Utilizing funding to enhance teaching and learning

In an FETC session presented by Zoom Video Communications, attendees got a crash course in the latest COVID-19 relief funding and heard from a superintendent about his district’s initiatives.
By: | January 28, 2021
Getty Images, guvendemirGetty Images, guvendemir

With Zoom’s education clients in need of guidance on federal pandemic funding, the company has a dedicated Grants Assistance Team to provide support. Dana Satterwhite, a grants consultant, shared information and insights about what’s available to school districts in an FETC session. Sharing his own district’s experiences in the session was Henry Pettiegrew, CEO and superintendent of East Cleveland City Schools in Ohio.

Satterwhite detailed the Consolidated Appropriations Act, the new COVID-relief stimulus with $82 million earmarked for education funding. Elementary and secondary schools will receive $54.3 billion, roughly four times the amount seen with the CARES Act. As with that relief, states will allocate funds to local education agencies. Non-public schools will receive direct funding allocations, which was not the case with the CARES Act.

The session also provided an explanation of ESSER II Funding. ESSER I funds should be fully expended before districts can begin spending ESSER II dollars, Satterwhite said, adding that many districts had been hanging on to initial funds due to the uncertainty of whether additional funding would be provided. Districts seeking ESSER II funds must provide detailed accounting that includes how funds are being used to address learning loss among students disproportionately affected by the pandemic and school closures.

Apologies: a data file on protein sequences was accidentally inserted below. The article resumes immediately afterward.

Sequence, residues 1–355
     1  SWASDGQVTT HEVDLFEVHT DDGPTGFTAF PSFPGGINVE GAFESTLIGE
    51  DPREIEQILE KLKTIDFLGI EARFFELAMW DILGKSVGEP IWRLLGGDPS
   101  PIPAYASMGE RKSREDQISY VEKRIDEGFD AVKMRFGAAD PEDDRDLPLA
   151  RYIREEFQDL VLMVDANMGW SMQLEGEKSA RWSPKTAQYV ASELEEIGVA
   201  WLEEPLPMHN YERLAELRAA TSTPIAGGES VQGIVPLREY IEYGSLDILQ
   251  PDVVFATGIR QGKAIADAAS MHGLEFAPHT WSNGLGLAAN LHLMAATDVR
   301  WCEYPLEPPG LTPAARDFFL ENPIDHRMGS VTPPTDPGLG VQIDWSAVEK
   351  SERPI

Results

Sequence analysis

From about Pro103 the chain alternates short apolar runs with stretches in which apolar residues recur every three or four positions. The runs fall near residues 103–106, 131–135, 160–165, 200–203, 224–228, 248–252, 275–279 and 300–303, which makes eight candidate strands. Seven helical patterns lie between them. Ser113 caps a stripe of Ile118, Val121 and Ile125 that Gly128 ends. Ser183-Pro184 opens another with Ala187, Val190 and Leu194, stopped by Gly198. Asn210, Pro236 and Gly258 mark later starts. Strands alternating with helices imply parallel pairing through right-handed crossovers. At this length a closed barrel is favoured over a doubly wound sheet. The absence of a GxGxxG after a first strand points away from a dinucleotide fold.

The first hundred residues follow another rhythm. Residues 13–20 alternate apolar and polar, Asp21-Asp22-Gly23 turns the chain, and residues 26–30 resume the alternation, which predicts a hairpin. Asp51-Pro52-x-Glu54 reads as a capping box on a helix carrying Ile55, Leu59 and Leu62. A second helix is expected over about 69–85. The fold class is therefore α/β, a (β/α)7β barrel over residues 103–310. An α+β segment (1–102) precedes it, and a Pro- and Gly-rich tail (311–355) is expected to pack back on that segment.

The session included a slide explaining eligible uses for funds—with priorities given to coordinating preparedness and response efforts, addressing the unique needs of disadvantaged populations, purchasing ed tech and providing mental health services and support.

GEER – Governor’s Education Relief funds, including allowable uses, were also explained.

Finally, Satterwhite shared an alternative program, the RUS-DLT Competitive Grant Program from the USDA Rural Utilities Service, which provides funding for interactive real-time distance learning and/or telehealth projects.

Then Pettiegrew explained his district’s efforts through a presentation and then a live chat with attendees. Heading up the third most impoverished district in the United State, Pettiegrew shared how they provided internet and devices as well as how they incorporated interactive video technology into learning. Teachers responsible for students both in front of them and at home can now walk back and forth, thanks to camera tracking and auto framing. The district is also doing telehealth for students.

Besides using zoom for teaching and health care, East Cleveland is using Zoom for digital signage. “We can post critical information to our community, at mass, using these digital platforms,” Pettiegrew said.